Held and Merrill's house in Durant. It has been cordoned off with police tape since police discovered their bodies last Thursday.
The home were two nuns, Sister Margaret Held and Sister Paula Merrill, lived in Durant. It has been cordoned off with police tape since police discovered their bodies last Thursday.


DURANT — Until last Thursday, it seemed like no one locked their doors in this sleepy town of 2,500 in Holmes County.

Even news of the murders of Sister Margaret Held and Sister Paula Merrill broke quietly.

Neighbors report hearing no sirens or commotion, just two police cars rolling slowly down the street and, a few hours later, yellow police tape fencing off the yard where Sister Margaret spent every Saturday gardening.

On Monday, as the suspect, Robert Earl Sanders, was remanded without bail, signs of mourning dotted the community.

The Lexington Medical Clinic, where both women worked as nurse practitioners, has been closed since Friday. Two funeral sprays hung on its doors, and another small bouquet was tucked into the door handle.

Outside the women’s home, someone else had set up a makeshift memorial with flowers and candles.

Those closest to the nuns traveled on Monday to Jackson for their funerals.

And while many of those in town described the nuns as usually “keeping to themselves,” they also remained stunned that any crime, especially one so brutal, could happen to two people who had given so much to this community.

Bridget Hood and Charlie Bell, who work in the pharmacy at Fred’s in Durant, said the nuns would often pay for prescriptions themselves when their patients couldn’t afford them.

“They were the nicest people, in one of the nicest parts of town,” said Bridget Hood, a pharmacy technician at Fred’s who had worked with both Sister Margaret and Sister Paula since she started the job fifteen years ago.

Hood and Charlie Bell, a pharmacist at Fred’s, said the nuns often helped their patients pay for the prescriptions they wrote for them. And if they couldn’t find a cheaper drug or negotiate a discount with a pharmacist, they’d often buy the prescription for the patients themselves.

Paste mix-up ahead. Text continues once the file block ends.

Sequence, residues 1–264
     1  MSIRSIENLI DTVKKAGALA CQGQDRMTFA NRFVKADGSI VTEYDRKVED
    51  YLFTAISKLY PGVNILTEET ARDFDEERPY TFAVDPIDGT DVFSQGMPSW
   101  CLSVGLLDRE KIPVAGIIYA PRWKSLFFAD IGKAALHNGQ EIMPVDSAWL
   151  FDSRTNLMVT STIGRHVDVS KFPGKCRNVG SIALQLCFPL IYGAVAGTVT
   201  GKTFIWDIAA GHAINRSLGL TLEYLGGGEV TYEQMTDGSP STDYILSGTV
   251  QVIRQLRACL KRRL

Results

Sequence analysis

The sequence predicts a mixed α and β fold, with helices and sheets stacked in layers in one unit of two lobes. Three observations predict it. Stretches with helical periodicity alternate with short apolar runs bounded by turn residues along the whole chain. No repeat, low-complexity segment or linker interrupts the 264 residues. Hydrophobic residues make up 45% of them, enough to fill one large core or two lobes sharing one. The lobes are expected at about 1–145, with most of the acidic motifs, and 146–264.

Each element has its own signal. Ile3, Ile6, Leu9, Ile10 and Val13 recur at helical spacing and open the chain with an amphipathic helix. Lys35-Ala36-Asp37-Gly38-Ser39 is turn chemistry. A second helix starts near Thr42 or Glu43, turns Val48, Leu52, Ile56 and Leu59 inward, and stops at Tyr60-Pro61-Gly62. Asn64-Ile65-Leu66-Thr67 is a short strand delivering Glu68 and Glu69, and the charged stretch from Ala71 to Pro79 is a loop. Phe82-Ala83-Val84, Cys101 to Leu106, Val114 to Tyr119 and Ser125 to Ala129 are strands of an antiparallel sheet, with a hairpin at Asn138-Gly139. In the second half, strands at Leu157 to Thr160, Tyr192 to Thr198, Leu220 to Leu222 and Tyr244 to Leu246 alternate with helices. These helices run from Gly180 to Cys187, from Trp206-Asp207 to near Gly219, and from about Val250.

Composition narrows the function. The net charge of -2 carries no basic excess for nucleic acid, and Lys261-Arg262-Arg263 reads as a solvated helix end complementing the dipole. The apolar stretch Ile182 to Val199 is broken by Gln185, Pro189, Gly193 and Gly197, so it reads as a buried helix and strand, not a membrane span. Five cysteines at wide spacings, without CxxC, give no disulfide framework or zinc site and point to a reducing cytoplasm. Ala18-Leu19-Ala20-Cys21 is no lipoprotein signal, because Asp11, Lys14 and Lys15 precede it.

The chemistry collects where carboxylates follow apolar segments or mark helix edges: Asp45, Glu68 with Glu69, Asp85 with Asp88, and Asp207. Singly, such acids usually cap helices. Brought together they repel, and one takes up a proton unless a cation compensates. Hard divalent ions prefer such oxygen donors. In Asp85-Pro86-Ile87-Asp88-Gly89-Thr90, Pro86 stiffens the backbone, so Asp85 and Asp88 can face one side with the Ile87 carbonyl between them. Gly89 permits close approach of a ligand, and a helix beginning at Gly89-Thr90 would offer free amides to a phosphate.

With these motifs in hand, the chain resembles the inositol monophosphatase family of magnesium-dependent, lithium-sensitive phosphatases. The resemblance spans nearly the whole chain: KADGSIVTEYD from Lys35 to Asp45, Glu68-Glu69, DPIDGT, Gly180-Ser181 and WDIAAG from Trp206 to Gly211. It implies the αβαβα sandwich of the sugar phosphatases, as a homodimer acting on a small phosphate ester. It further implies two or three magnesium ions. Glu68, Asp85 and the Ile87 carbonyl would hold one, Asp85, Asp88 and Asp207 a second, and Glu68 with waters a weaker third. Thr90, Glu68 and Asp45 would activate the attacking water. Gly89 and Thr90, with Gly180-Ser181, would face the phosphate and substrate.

“It’s a big loss for the community,” Hood said. “They helped a lot of people here. You know, this is a poor community.”

More than a third of residents here live below the poverty line. Many of the houses on Held and Merrill’s block, described by several here as one of the nicest in town, need a new coat of paint — if not a new roof. Around the corner on Jackson Street, a hand-written sign advertises a three-bedroom Victorian for $18,000 cash.

But it’s also a town where residents stop and wave at everyone, even people they don’t know. There is no local school bus because all students walk to class.

The last time anyone could remember an arrest for murder in Durant was more than a decade ago, and, according to Bell, “he wasn’t even from Durant. He was driving through.”

Sanders, the suspect, also is not from Durant. A resident of Kosciusko, neighbors say he was staying with friends who lived right across the street from Held and Merrill. Police have yet to name a motive, but many of the neighbors say Sanders stuck out on this quiet street.

Milton McGee lives two houses down and across the street from Merrill and Held. He said the nuns had treated his son, his wife and his mother. But Sanders, who he said arrived a couple of months ago, gave him a bad vibe instantly. He was one of the only adults who’d wander up and down the street in the middle of the day.

“Dude was a drunk,” McGee said. “I’m really the loudest guy on the street, and I keep quiet. I’ll play music from my car, but that’s it. But this dude was an a——. I’d see him passing through.”

A makeshift memorial for Held and Merrill outside their home.

Jason Davis and his fiance Kamesha Johnson, who live across the street from McGee, also said that Sanders seemed off.

“Who would do that? Just kill nuns and nice people,” Davis said.

“I think everyone feels a whole lot better now that they caught him … I don’t think nothing like this will ever happen again,” he said.

But Davis may be in the minority. Many others here, including his fiance Johnson, said that even with Sanders’s arrest, their faith in their town as a safe haven has been shaken.

“They helped people, and this is what happens to them. It makes you think,” Hood said. “I’m gonna tell you right now, next time someone’s standing out there on the side of the road and needs help, I’m gonna keep going.”

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Larrison Campbell is a Greenville native who reports on politics with an emphasis on public health. She received a bachelor’s from Wesleyan University and a master’s from Columbia University's Graduate School of Journalism.Larrison is a 2018 National Press Foundation fellow in public health, a 2019 Blue Cross Blue Shield Foundation of Massachusetts fellow in health care reporting and a 2019 Center for Health Journalism National Fellow.